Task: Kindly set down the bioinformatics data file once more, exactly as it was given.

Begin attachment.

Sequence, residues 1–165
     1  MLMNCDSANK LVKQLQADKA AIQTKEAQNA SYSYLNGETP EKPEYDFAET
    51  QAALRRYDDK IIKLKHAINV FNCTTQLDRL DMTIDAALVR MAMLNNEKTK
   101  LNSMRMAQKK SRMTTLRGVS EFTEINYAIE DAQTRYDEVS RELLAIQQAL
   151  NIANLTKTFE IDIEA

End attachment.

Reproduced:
Sequence, residues 1–165
     1  MLMNCDSANK LVKQLQADKA AIQTKEAQNA SYSYLNGETP EKPEYDFAET
    51  QAALRRYDDK IIKLKHAINV FNCTTQLDRL DMTIDAALVR MAMLNNEKTK
   101  LNSMRMAQKK SRMTTLRGVS EFTEINYAIE DAQTRYDEVS RELLAIQQAL
   151  NIANLTKTFE IDIEA